Comments: Week of January 3, 2011

1. Last week was the sixth iteration of our annual “Reasons to Love New York” issue, which lets us count the ways—from pluralism-preaching preachers to Jimmy McMillan to those newfangled bicycle traffic lights—this city keeps its hold on us all (Reasons to Love,” December 20–27). Most responses to the issue echoed novelist Jonathan Lethem’s essay about being possessed by this town, which you often both love and hate. “This issue always makes us remember why we moved to this goddamn burg in the first place,” wrote blog Tony of All Media. “And why we’ve chosen to put up with her.” “Reading about all the nuances that make my city awesome reaffirms my happiness with living in the sometimes hellhole,” agreed tumblelog Go Big or Go Home. And the personal reasons we solicited from readers of had a similarly hard-edged tone: “Living on Second Avenue for the last ten years means I can sleep through a nuclear bomb” … “Wall Street, the greatest block in the free world. God bless capitalism and my bank account” … “The 75 percent chance of going out, hooking up, and not getting herpes” … “Friends from crappy cities visit and say that they couldn’t live in New York. Yeah, we know you couldn’t make it here, that’s why you don’t live here” … “We can claim the crap on this list as reasons why we put up with all this New York bullshit.” A few were sweeter (“At Christmastime, several streets in the city become fresh-smelling corridors of pine trees, boughs, and wreaths”; “The old guy that drives around Williamsburg with his windows down blasting old Sinatra standards and singing at the top of his lungs”) and more in the spirit of the issue’s Reason No. 27: Because Last Summer, 60 Pianos Magically Appeared—about the “Play Me I’m Yours” installation. For the record, the project was created by artist Luke Jerram, whose name was not mentioned in the piece.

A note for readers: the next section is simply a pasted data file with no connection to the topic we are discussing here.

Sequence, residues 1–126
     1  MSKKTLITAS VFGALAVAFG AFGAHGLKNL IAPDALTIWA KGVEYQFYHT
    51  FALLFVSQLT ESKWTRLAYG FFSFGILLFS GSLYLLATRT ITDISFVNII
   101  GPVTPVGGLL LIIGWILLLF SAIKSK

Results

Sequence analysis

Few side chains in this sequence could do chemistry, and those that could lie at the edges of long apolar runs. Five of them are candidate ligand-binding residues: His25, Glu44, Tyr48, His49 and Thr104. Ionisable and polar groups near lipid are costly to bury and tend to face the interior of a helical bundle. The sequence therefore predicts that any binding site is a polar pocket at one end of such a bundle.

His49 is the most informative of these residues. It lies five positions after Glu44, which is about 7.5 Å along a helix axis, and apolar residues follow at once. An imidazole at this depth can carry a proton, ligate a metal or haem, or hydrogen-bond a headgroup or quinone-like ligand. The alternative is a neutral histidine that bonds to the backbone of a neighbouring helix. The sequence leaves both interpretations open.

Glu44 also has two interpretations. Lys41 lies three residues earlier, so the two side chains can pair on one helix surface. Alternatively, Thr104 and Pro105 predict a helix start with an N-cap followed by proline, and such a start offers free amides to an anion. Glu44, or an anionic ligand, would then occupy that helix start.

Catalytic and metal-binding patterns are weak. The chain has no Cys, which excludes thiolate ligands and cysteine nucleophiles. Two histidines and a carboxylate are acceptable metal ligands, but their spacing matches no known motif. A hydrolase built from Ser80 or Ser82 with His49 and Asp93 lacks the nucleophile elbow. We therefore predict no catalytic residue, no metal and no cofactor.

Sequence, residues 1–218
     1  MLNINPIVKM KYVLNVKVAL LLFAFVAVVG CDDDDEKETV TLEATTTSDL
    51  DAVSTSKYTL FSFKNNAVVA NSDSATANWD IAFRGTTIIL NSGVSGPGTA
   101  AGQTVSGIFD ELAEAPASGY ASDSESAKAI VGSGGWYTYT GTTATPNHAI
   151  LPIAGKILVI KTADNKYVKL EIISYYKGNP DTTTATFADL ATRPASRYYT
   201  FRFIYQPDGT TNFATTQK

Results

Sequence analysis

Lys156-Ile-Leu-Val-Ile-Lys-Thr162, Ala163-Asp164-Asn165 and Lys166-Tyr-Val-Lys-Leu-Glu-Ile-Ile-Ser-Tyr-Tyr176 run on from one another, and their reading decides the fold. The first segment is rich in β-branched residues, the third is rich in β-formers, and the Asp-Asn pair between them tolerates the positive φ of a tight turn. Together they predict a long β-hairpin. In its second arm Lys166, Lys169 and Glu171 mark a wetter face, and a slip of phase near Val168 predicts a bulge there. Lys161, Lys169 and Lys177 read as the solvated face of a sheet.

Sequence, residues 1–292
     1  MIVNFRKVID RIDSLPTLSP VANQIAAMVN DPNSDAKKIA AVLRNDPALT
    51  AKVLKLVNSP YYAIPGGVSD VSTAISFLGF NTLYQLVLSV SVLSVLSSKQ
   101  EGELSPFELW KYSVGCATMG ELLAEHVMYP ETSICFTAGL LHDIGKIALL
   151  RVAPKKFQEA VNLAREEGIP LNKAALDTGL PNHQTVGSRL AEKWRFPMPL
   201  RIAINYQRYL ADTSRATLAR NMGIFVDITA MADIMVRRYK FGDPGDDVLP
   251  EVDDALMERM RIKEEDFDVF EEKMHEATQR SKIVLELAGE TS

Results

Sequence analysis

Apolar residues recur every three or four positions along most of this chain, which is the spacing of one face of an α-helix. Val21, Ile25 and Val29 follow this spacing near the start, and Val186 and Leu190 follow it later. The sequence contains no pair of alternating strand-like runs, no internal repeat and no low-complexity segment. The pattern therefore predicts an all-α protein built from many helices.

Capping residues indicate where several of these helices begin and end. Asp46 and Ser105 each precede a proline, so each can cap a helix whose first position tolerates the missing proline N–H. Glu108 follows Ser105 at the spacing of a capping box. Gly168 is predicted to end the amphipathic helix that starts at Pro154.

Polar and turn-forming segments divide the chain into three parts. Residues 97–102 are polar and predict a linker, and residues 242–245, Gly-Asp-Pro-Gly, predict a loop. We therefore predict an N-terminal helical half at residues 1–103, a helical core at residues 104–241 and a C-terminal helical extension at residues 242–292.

2. “The Strategist” brought home the bacon for most readers with its exhaustive roundup of the city’s pig- derived delights (Everything But the Oink,” December 20–27). Adam Platt’s list of the top-35 porcine dishes in town stoked many readers’ appetites for, apparently, more than food. “Not only did [Platt] provide me with a map of my next 27 meals (I have had eight of the items on the list), but his staff added some mouthwatering, boner-inducing pictures,” wrote the blog Meats N Beats. “The photos can be considered NSFW if your office objects to food porn.” “We got pretty drooly flipping through,” wrote blog Midtown Lunch. “Sadly none of them are in midtown—unless your idea of a midtown lunch is splitting the $68 pork chop for two.” Others wondered why their pork favorites didn’t make the cut. “How can you leave the pulled pork from the Dinosaur Bar-B-Que off this list?” asked a commenter. “Don’t forget ham in its purest form, jamón ibérico de bellota at Pata Negra,” added another. “I cannot believe Maloney & Porcelli is not here,” bemoaned a reader. “This is to pork what a steakhouse is to beef. The crackling pork shank has been a staple for years.” “No mention of the Maialino al forno? Hands down the best pork dish in NYC,” opined a commenter.

What Got You Talking

The magazine stories that prompted the most reader comments on in the past year:

1. All Joy and No Fun, Jennifer Senior (Investigation of parental happiness, July 12)

2. Saint Elizabeth and the Ego Monster, John Heilemann and Mark Halperin (John Edwards excerpt from Game Change,January 18)

3. The Most Livable Neighborhoods in New York, Nate Silver (Statistical analysis of the best places to live, April 19)

4. The Revolution Will Be Commercialized, Gabriel Sherman (Sarah Palin’s business strategy as a political symbol, May 3)

5. Dream a Little Dream, David Edelstein (Review of Inception, July 19)

6. Change We Can Believe In, Jerry Saltz (Review of the Whitney Biennial, March 8)

7. Waking Up From the Pill, Vanessa Grigoriadis (Examining the effects of the birth-control pill upon its 50th anniversary, December 6)

8. The Leap, Jesse Green (The aftermath of a Dalton student’s suicide, June 7)

9. What Was the Hipster?, Mark Greif (Anthropological survey of the cooler-than-thou youth subculture, November 1)

10. Rachel Uchitel Is Not a Madam, Lisa Taddeo (Investigating the “half-hooker” nightclub scene, April 12)

Comments: Week of January 3, 2011